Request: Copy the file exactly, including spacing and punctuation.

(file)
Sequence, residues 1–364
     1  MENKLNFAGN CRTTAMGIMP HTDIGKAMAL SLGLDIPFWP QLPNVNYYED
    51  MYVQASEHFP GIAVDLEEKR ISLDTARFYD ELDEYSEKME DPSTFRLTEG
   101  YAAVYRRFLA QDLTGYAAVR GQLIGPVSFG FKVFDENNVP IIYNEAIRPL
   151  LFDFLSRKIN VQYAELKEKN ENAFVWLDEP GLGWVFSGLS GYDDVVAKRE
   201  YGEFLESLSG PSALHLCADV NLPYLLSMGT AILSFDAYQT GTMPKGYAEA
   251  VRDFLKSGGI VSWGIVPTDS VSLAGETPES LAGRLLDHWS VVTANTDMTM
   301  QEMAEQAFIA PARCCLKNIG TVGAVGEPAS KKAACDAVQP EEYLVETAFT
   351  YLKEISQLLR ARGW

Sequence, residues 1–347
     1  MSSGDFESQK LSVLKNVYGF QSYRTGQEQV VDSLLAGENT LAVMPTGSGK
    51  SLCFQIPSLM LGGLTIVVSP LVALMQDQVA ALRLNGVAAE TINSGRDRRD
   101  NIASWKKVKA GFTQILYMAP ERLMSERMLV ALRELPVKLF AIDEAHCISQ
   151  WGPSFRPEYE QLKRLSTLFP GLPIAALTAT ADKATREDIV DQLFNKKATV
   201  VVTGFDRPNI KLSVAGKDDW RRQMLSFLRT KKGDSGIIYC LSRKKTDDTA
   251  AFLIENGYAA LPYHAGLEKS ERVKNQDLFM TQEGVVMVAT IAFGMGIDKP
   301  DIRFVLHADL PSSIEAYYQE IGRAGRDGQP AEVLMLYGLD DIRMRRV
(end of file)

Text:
Sequence, residues 1–364
     1  MENKLNFAGN CRTTAMGIMP HTDIGKAMAL SLGLDIPFWP QLPNVNYYED
    51  MYVQASEHFP GIAVDLEEKR ISLDTARFYD ELDEYSEKME DPSTFRLTEG
   101  YAAVYRRFLA QDLTGYAAVR GQLIGPVSFG FKVFDENNVP IIYNEAIRPL
   151  LFDFLSRKIN VQYAELKEKN ENAFVWLDEP GLGWVFSGLS GYDDVVAKRE
   201  YGEFLESLSG PSALHLCADV NLPYLLSMGT AILSFDAYQT GTMPKGYAEA
   251  VRDFLKSGGI VSWGIVPTDS VSLAGETPES LAGRLLDHWS VVTANTDMTM
   301  QEMAEQAFIA PARCCLKNIG TVGAVGEPAS KKAACDAVQP EEYLVETAFT
   351  YLKEISQLLR ARGW

Sequence, residues 1–347
     1  MSSGDFESQK LSVLKNVYGF QSYRTGQEQV VDSLLAGENT LAVMPTGSGK
    51  SLCFQIPSLM LGGLTIVVSP LVALMQDQVA ALRLNGVAAE TINSGRDRRD
   101  NIASWKKVKA GFTQILYMAP ERLMSERMLV ALRELPVKLF AIDEAHCISQ
   151  WGPSFRPEYE QLKRLSTLFP GLPIAALTAT ADKATREDIV DQLFNKKATV
   201  VVTGFDRPNI KLSVAGKDDW RRQMLSFLRT KKGDSGIIYC LSRKKTDDTA
   251  AFLIENGYAA LPYHAGLEKS ERVKNQDLFM TQEGVVMVAT IAFGMGIDKP
   301  DIRFVLHADL PSSIEAYYQE IGRAGRDGQP AEVLMLYGLD DIRMRRV